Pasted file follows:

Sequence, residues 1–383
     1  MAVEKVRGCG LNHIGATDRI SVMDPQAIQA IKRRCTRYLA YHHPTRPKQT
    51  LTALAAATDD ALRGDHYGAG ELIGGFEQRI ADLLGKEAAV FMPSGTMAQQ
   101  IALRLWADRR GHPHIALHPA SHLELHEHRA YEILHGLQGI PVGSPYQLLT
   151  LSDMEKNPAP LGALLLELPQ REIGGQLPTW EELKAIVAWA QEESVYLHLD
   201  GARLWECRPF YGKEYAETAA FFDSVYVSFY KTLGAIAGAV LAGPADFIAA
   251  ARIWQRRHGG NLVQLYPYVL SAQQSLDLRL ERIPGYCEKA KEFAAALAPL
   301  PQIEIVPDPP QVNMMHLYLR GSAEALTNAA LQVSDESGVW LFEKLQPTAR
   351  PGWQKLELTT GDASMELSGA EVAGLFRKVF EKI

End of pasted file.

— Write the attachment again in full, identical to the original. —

Sequence, residues 1–383
     1  MAVEKVRGCG LNHIGATDRI SVMDPQAIQA IKRRCTRYLA YHHPTRPKQT
    51  LTALAAATDD ALRGDHYGAG ELIGGFEQRI ADLLGKEAAV FMPSGTMAQQ
   101  IALRLWADRR GHPHIALHPA SHLELHEHRA YEILHGLQGI PVGSPYQLLT
   151  LSDMEKNPAP LGALLLELPQ REIGGQLPTW EELKAIVAWA QEESVYLHLD
   201  GARLWECRPF YGKEYAETAA FFDSVYVSFY KTLGAIAGAV LAGPADFIAA
   251  ARIWQRRHGG NLVQLYPYVL SAQQSLDLRL ERIPGYCEKA KEFAAALAPL
   301  PQIEIVPDPP QVNMMHLYLR GSAEALTNAA LQVSDESGVW LFEKLQPTAR
   351  PGWQKLELTT GDASMELSGA EVAGLFRKVF EKI